Nelson Mandela told UK not to hold Libya responsible for Lockerbie bombing

Declassified files reveal discussions between Tony Blair and Mandela

Nelson Mandela's role as intermediary in the Lockerbie bombing led to friction with Tony Blair's government. PA
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Nelson Mandela told the UK it was wrong to hold Libya responsible for the Lockerbie bombing, newly released files reveal.

Documents from the National Archives in Kew reveal discussions between former British prime minister Tony Blair and his cabinet and Mr Mandela, who was acting as an intermediary for Libya, after the Lockerbie bombing.

The terrorist attack on board the Boeing 747 bound for New York from London on December, 21, 1988, killed all 259 passengers and crew and a further 11 people in Lockerbie when wreckage destroyed their homes. It was the deadliest terrorist incident to have occurred on British soil.

Files from 2001 reveal a letter from Sir John Sawers, who was then Mr Blair's foreign affairs adviser, to private secretary Sir Mark Sedwill, informing him of the outcome of a meeting between Mr Blair and Mr Mandela.

The meeting followed the conviction in 2001 of Abdelbaset Al Megrahi for the bombing after he stood trial at a specially convened Scottish court in the Netherlands.

Mr Mandela and members of the Saudi royal family had previously helped to negotiate Al Megrahi’s extradition from Libya to stand trial.

Earlier the UN issued Security Council Resolution (SCR) economic sanctions on Libya, including the banning of weapons sales, until it accepted responsibility.

In the meeting between Mr Blair and Mr Mandela on April 30, 2001, Mr Mandela opposed the UN stance.

"Mandela argued it was wrong to hold Libya legally responsible for the bombing," Sir John wrote.

"He had studied the judgment from the trial and was critical of the account the judges had taken of the views of the Libyan defector, even though they had described him as an unreliable witness.

“He had discussed it with Kofi Annan [former secretary general of the United Nations] as he felt the Security Council resolution requiring that [Libya's president Muammar] Qaddafi accept responsibility were at odds with the legal position.

“The prime minister probed Mandela’s approach. We were not insisting that Qaddafi had ordered the Lockerbie bombing. The Libyan state may not be directly responsible but they were still responsible for Megrahi’s actions.”

Mr Mandela was again reminded during the meeting that Al Megrahi had been a member of the Libyan Intelligence Service when he carried out the bombing.

“Our starting point was the SCRs and we were keen to see these implemented. We wanted to open a channel to the Libyans to work out how to do this, but it had proved difficult after Qaddafi had rejected the trial verdict,” Sir John wrote.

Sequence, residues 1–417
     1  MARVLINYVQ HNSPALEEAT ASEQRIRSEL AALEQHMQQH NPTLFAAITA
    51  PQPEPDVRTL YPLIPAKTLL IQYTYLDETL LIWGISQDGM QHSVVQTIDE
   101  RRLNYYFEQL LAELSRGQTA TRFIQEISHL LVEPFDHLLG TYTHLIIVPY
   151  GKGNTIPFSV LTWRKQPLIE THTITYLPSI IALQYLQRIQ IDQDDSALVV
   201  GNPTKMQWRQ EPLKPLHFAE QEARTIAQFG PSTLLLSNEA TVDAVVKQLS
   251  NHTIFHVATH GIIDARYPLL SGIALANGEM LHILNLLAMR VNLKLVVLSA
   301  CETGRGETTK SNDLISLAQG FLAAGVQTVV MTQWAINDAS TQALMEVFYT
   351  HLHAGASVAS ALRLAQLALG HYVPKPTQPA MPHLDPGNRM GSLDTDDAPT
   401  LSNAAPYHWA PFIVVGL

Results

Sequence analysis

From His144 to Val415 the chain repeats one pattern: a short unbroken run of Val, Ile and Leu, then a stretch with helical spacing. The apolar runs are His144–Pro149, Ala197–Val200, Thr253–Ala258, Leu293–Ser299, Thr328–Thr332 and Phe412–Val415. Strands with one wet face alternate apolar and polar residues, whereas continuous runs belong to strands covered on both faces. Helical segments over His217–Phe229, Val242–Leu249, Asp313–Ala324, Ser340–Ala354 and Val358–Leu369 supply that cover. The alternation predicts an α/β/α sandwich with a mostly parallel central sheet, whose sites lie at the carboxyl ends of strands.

“The prime minister said that if Megrahi lost his appeal then presumably Libya would have to come to some arrangement on paying compensation. He thought it would be sensible for Qaddafi to talk to us about this. Mandela did not dispute those points, but it was essential that Qaddafi’s decision to pay compensation should be seen as voluntary and not because he was legally bound to do so.

“While Qaddafi was a very difficult man, he, Mandela, trusted him to fulfil the commitments he made. But if we now insisted he was accountable in law for Lockerbie he would challenge that, and Mandela said he would back him up.”

In a letter dated four days earlier to Sir John from Sir Mark, it revealed that the British thought Mandela believed it had reneged on its promise to lift sanctions on Libya in exchange for Al Megrahi’s extradition.

They feared that Mr Mandela had promised Libya more than had been agreed.

“Mandela does not accept our position that Libya must meet the requirements of the Security Council resolutions before sanctions are lifted. He believes vehemently that we have reneged on our promises.

“Mandela is at best suffering from selective memory and a basic misunderstanding of international law. At no point did we give undertakings that we would gloss over some of the SCRs or that sanctions would be lifted. It is likely he promised Libya more than we had agreed.”

It was not until May 2003 that Libya accepted responsibility for the bombing.

It had earlier agreed to set up a $2.7 billion fund to compensate families of those killed in the explosion.

Al Megrahi was the only man convicted over the attack and was sentenced to life until his release on compassionate grounds in 2009 after a cancer diagnosis. He died in Libya in 2012.

This month a Libyan man, Abu Agila Masud, was accused of making the bomb that destroyed the flight and was taken into US custody.

Updated: December 30, 2022, 12:01 AM